You might be wondering why Delta would care about having 36 slot pairs at Haneda. After all, it just gave up a slot pair on the Seattle-Haneda route because that was performing so terribly. But again, this is about the long game.

Delta has repeatedly said that it understands Haneda is the most preferred airport in Tokyo, and it wants to move its entire hub there. There are all kinds of problems with that. First, Haneda doesn’t have the capacity for that. Second, there just doesn’t seem to be an appetite in Japan for this to be allowed. From what I can tell, unless Delta can get its whole operation in Haneda, it doesn’t think that Haneda should be opened up further at all for travel to the US.

With little capacity available, Delta’s best option to get its foot in the door is to partner. If this sounds like what Delta did with Virgin Atlantic to get beyond its paltry presence at Heathrow, that’s because it’s a similar idea. The problem is there aren’t any big dance partners left in Tokyo. American has Japan Airlines locked up. United has ANA. But Delta has nothing but its own legacy hub at Narita. You can see where this goes. Delta takes a stake in Skymark as it has in many before. Then it can guide Skymark to do its bidding.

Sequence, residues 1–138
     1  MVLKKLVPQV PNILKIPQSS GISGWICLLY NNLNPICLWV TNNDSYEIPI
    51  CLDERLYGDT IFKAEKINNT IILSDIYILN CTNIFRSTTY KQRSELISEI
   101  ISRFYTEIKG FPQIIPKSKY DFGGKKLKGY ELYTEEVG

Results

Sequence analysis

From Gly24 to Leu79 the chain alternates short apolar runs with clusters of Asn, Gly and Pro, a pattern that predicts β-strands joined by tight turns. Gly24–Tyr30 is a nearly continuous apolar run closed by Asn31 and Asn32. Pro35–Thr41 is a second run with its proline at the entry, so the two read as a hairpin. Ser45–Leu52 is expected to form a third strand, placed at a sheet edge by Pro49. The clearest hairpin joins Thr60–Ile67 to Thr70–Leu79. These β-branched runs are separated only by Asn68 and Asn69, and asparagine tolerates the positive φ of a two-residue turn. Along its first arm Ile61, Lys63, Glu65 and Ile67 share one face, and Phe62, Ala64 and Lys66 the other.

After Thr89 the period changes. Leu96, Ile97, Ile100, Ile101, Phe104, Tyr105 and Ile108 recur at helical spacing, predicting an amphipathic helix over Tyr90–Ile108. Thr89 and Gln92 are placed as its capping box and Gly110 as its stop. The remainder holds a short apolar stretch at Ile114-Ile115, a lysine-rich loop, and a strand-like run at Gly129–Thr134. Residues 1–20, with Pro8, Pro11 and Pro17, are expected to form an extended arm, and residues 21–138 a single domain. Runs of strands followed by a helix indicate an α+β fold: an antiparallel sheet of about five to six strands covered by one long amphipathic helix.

With further liberalization, presumably Delta would be able to get Skymark to fly beyond Haneda to places Delta has to fly its own metal today. Then Delta could focus on flying its aircraft between the US and Haneda. This is all a ways off, but Delta wants to lay the groundwork.

Certainly Delta is no stranger to airline investments. There’s Gol, Aeromexico, and Virgin Atlantic. So for a little bit of cash, Delta can pick up its only real chance at finding a partner in Japan. All the Skymark insanity is gone. The A380s are forgotten, and any outstanding dispute will be resolved before the airline comes out of bankruptcy. And those A330s? You think Intrepid might find Delta interested in picking those up as part of this? Wouldn’t surprise me. After all, Intrepid picked Delta in this process.